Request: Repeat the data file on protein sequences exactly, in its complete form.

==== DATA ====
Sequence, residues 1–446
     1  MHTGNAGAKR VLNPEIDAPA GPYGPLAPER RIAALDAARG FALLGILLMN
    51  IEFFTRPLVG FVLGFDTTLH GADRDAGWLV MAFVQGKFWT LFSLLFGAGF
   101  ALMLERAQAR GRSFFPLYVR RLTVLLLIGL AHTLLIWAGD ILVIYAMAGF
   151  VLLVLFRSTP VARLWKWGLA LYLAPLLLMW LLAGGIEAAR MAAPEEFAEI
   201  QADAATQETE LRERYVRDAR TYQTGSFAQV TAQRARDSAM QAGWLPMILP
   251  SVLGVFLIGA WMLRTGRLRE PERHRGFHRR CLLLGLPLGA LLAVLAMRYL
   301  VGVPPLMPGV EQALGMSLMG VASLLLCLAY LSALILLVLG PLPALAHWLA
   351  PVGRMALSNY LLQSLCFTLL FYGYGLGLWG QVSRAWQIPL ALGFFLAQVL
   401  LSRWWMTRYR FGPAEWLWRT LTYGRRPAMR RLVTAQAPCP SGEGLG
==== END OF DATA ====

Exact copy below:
Sequence, residues 1–446
     1  MHTGNAGAKR VLNPEIDAPA GPYGPLAPER RIAALDAARG FALLGILLMN
    51  IEFFTRPLVG FVLGFDTTLH GADRDAGWLV MAFVQGKFWT LFSLLFGAGF
   101  ALMLERAQAR GRSFFPLYVR RLTVLLLIGL AHTLLIWAGD ILVIYAMAGF
   151  VLLVLFRSTP VARLWKWGLA LYLAPLLLMW LLAGGIEAAR MAAPEEFAEI
   201  QADAATQETE LRERYVRDAR TYQTGSFAQV TAQRARDSAM QAGWLPMILP
   251  SVLGVFLIGA WMLRTGRLRE PERHRGFHRR CLLLGLPLGA LLAVLAMRYL
   301  VGVPPLMPGV EQALGMSLMG VASLLLCLAY LSALILLVLG PLPALAHWLA
   351  PVGRMALSNY LLQSLCFTLL FYGYGLGLWG QVSRAWQIPL ALGFFLAQVL
   401  LSRWWMTRYR FGPAEWLWRT LTYGRRPAMR RLVTAQAPCP SGEGLG